Burning oil from BP spill produced carbon plumes
Chalk up another environmental impact from last summer's Deepwater Horizon oil spill: Nine weeks of burning off oil slicks from the surface of the Gulf of Mexico following the BP spill released an estimated 1 million pounds of soot into the atmosphere, according to a study released by the National Oceanic and Atmospheric Administration.
The burns were conducted to reduce the size of the slicks and to minimize the amount of oil reaching the gulf’s coast and wetlands systems. But the study, which was co-written by researchers at the Cooperative Institute for Research in Environmental Sciences in Boulder, Colo., found the plumes of smoke from the burns produced an amount of carbon equal to the total black carbon emissions normally released by all ships that travel the Gulf of Mexico during a nine-week period.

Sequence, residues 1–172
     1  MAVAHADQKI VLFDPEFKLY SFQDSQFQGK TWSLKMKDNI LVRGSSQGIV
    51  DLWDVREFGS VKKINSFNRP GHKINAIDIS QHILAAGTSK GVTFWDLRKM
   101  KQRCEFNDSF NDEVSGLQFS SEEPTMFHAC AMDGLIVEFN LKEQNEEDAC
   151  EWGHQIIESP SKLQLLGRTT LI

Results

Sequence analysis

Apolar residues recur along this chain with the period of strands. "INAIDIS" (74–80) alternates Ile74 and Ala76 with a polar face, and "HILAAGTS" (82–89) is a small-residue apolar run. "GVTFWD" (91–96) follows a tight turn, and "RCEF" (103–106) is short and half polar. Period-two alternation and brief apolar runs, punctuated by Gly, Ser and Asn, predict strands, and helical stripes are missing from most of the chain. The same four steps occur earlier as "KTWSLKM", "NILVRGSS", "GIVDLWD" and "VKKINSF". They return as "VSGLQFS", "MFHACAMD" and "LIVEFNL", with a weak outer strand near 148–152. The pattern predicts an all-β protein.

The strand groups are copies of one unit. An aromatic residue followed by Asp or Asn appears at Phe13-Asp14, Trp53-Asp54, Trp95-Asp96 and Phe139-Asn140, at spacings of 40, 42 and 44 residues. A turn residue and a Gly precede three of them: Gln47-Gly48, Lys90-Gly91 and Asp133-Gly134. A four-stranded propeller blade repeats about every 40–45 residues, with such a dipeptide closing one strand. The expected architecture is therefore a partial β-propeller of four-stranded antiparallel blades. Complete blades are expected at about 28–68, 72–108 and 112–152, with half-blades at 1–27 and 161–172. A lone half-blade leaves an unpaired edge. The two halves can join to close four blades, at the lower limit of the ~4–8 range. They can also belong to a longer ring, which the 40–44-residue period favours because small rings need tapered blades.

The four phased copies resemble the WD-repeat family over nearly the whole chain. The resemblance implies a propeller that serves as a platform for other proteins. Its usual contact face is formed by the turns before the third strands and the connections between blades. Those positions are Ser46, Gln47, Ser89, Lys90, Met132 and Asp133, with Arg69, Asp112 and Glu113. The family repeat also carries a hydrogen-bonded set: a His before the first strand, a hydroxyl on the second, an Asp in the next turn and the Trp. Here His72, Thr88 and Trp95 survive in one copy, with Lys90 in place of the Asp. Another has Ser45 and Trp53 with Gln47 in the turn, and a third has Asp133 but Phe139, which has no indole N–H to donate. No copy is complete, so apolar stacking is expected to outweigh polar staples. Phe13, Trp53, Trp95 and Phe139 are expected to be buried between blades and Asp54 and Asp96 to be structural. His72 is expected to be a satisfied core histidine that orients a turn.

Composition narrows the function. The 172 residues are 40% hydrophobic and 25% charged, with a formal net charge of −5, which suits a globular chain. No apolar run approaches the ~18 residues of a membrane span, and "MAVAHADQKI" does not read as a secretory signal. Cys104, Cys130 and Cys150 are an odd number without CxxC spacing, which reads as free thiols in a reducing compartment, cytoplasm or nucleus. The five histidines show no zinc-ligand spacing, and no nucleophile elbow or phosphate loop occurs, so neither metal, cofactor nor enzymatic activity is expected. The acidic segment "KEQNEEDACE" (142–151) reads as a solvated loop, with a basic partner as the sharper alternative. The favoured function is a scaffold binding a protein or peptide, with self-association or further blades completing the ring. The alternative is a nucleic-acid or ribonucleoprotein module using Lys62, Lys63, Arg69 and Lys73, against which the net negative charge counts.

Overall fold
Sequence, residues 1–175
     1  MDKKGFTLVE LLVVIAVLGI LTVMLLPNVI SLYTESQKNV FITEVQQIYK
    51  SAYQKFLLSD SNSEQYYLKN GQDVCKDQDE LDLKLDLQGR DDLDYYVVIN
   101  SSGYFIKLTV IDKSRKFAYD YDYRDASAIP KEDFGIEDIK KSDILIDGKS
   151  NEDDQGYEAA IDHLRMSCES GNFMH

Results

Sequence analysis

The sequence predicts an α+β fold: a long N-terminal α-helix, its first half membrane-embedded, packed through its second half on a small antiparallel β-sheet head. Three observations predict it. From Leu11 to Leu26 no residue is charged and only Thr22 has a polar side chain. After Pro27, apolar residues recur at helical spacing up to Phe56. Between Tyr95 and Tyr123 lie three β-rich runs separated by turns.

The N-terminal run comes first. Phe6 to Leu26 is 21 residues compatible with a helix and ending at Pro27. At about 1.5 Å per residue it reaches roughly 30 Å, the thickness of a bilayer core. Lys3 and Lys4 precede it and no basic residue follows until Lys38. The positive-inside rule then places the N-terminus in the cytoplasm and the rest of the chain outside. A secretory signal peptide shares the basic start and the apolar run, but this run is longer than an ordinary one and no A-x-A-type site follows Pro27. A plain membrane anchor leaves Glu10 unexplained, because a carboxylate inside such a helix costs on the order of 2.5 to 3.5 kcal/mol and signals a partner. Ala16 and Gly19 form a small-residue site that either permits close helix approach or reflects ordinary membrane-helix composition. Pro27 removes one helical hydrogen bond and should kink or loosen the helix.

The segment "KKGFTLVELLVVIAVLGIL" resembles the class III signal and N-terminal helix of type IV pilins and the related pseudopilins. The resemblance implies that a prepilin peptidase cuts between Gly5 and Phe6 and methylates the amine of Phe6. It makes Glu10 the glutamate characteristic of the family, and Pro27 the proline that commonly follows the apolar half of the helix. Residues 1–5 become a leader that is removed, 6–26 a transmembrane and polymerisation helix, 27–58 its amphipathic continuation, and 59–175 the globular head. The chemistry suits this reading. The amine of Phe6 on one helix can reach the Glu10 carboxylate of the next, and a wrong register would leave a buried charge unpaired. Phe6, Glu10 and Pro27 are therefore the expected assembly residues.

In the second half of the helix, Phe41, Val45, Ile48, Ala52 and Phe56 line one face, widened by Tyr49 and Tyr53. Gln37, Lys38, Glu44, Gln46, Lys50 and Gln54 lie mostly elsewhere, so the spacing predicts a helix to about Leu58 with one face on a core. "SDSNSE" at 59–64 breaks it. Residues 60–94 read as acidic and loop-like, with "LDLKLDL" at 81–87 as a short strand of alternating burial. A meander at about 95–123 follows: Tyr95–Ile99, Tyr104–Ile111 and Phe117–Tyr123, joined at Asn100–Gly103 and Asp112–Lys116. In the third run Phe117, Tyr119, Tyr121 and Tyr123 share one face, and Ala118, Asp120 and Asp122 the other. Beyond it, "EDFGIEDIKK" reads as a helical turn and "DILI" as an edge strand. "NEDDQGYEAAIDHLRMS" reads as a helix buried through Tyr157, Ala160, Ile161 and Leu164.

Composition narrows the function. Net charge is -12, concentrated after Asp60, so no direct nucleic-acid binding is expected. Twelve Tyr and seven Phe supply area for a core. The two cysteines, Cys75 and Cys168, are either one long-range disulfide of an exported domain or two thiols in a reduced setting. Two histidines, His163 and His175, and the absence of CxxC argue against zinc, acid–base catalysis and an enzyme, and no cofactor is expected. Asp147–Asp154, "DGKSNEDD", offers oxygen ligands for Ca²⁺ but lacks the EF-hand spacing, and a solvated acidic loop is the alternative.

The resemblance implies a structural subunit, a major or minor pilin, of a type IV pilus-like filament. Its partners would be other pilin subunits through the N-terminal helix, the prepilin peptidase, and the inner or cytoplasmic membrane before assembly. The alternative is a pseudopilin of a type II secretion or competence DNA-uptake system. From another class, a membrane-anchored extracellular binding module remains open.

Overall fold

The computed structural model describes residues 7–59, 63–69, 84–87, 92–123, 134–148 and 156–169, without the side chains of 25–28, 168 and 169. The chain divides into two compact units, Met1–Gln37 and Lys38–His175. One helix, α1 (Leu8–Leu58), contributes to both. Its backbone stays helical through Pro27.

Black carbon, whose primary component is often called soot, is among the most light-absorbing particles in the atmosphere. The new study, published online in Geophysical Research Letters, provides some of the most detailed observations made of black carbon sent airborne by burning surface oil.
The study found that the soot plumes reached much higher into the atmosphere than ship emissions normally rise, and that the average size of the soot particles was larger than normally emitted from other sources in the gulf region. Researchers also found that the soot particles were almost all black carbon, unlike forest fires, for example, which produce other particles along with black carbon.
-- Julie Cart
Photo: A controlled burn on June 19, 2010, attempting to remove oil floating near the leaking BP well in the Gulf of Mexico. Credit: Carolyn Cole / Los Angeles Times